Metropolitan capital organized as a transnational capitalist class was able to crush the G-77 movement (which had been working in collaboration with labour movement) for NIEO and successfully stalled the process of implementing a UN binding code for corporates. However, in reaction to capital’s aggressive moves for liberalization and globalization in the 1990s, a strong global social movement of a new kind again emerged. The global protests, organized under the Global Justice Movement, again started raising similar issues and forcefully challenging the legitimacy of transnational corporations. A very wide and deep anti-corporate sentiment started growing worldwide following the exposure of the corporate misdeeds.
“Royal Dutch Shell was attacked relentlessly for its role—or lack of it—in relation to the killing of Ken Saro-Wiwa and the oppression of the Ogoni people in, then, non-democratic Nigeria.” Further,“in North America, popular frustrations over corporate rule and power crystallized in November 1999, when some 60,000 people flooded the streets of Seattle and succeeded in shutting down meetings of the WTO’s Third Ministerial meeting….…Popular anti-corporate sentiment in the U.S. was strengthened when the Enron scandal hit the front pages.”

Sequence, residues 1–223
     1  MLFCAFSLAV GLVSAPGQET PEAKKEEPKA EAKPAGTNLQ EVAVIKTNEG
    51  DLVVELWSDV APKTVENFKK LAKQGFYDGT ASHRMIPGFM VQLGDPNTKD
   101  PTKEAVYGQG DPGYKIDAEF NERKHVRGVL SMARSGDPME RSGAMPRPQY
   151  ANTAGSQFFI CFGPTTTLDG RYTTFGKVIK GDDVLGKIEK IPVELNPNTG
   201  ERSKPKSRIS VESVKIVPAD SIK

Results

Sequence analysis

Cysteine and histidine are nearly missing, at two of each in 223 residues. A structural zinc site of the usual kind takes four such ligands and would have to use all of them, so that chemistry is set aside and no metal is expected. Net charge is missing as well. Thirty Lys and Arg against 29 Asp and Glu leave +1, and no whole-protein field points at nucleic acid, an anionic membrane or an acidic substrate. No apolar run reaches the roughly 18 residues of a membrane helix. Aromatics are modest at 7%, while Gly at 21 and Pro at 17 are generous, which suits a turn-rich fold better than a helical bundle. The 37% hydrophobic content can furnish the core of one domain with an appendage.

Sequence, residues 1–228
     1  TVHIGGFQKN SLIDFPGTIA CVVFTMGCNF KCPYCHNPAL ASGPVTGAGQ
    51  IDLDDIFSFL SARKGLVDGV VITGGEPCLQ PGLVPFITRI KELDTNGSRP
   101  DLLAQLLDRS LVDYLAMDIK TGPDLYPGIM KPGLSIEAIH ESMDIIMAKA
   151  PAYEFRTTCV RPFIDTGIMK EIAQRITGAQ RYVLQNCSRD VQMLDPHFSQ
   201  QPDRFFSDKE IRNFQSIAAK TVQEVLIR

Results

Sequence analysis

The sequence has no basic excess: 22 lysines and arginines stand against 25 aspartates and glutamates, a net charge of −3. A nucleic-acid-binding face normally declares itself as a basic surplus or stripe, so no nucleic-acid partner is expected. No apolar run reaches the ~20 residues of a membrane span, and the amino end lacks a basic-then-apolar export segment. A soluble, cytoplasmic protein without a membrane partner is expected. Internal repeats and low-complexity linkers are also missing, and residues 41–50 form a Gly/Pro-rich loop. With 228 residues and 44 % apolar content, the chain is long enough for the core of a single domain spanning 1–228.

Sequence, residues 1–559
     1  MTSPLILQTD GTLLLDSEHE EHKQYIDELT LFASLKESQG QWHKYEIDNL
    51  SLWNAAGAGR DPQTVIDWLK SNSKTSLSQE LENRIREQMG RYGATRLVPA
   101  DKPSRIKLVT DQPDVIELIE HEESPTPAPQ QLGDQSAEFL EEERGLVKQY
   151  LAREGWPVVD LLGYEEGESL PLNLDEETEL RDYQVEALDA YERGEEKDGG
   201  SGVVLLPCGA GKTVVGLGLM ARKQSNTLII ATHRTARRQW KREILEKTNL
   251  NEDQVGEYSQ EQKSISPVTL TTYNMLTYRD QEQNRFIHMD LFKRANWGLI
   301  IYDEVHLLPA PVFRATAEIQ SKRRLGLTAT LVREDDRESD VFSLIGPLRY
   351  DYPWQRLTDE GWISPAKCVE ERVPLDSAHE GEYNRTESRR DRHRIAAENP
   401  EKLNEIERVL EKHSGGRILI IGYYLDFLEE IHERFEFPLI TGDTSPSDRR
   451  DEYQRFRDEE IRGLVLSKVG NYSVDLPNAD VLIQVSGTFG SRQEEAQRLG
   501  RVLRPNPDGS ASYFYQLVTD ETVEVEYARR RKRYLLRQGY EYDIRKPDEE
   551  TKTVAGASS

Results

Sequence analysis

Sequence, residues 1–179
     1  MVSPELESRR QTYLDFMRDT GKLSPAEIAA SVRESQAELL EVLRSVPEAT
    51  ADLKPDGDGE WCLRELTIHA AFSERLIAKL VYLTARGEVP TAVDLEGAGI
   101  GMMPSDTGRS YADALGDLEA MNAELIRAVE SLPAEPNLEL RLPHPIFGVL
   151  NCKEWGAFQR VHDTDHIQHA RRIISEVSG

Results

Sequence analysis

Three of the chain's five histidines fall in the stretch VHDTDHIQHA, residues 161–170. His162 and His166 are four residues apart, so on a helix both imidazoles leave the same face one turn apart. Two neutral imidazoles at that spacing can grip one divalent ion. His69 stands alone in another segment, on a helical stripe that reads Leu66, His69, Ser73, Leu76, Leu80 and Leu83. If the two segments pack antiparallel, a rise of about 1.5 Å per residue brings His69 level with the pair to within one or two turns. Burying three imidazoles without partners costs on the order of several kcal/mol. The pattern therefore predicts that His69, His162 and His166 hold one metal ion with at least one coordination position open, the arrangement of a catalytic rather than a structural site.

These events actually reflected the global trend in anti-corporate movements and reporting.. It is to be noted that this was happening in a world where the reputation of a corporate played a more important role than in any earlier phase, in determining a company’s fortunes. Therefore, the anti-corporate movements were successful in compelling the corporate to respond to these issues. It was with this background that the CSR was reborn..
“Wal-Mart’s code arrived after reports surfaced that its supplier factories in Bangladeshwere using child labour; Disney’s code was born of the Haitian revelation; Levi’s wrote its policy as an answer to prison labour scandals. Their original purpose was not reform but to “muzzle the offshore watchdog” groups.”
The global labour and social movement in the 1990s powerfully argued and moved forglobal regulation of corporates by linking the ILO with the WTO. It was argued that the ILO’s rights-oriented culture must be associated with the WTO’s enforcement power and sanctioning process, and only then would the ILO achieve any relevance. Embedding the ILO standards of freedom of association, the right to collective bargaining, the abolition of forced labour, the prevention of discrimination in employment, and a minimum age for employment in the WTO would make these standards enforceable and states would be compelled to implement them, And corporates would be compelled to comply with them. Therefore, even if this attempt of the labour movement and social movements was ultimately defeated and the idea was rejected outright by the WTO, the international business community would feel a threat of the reoccurrence of such attempts if the strength and unity of social movements standing against corporate and globalization- liberalization in general was not crushed.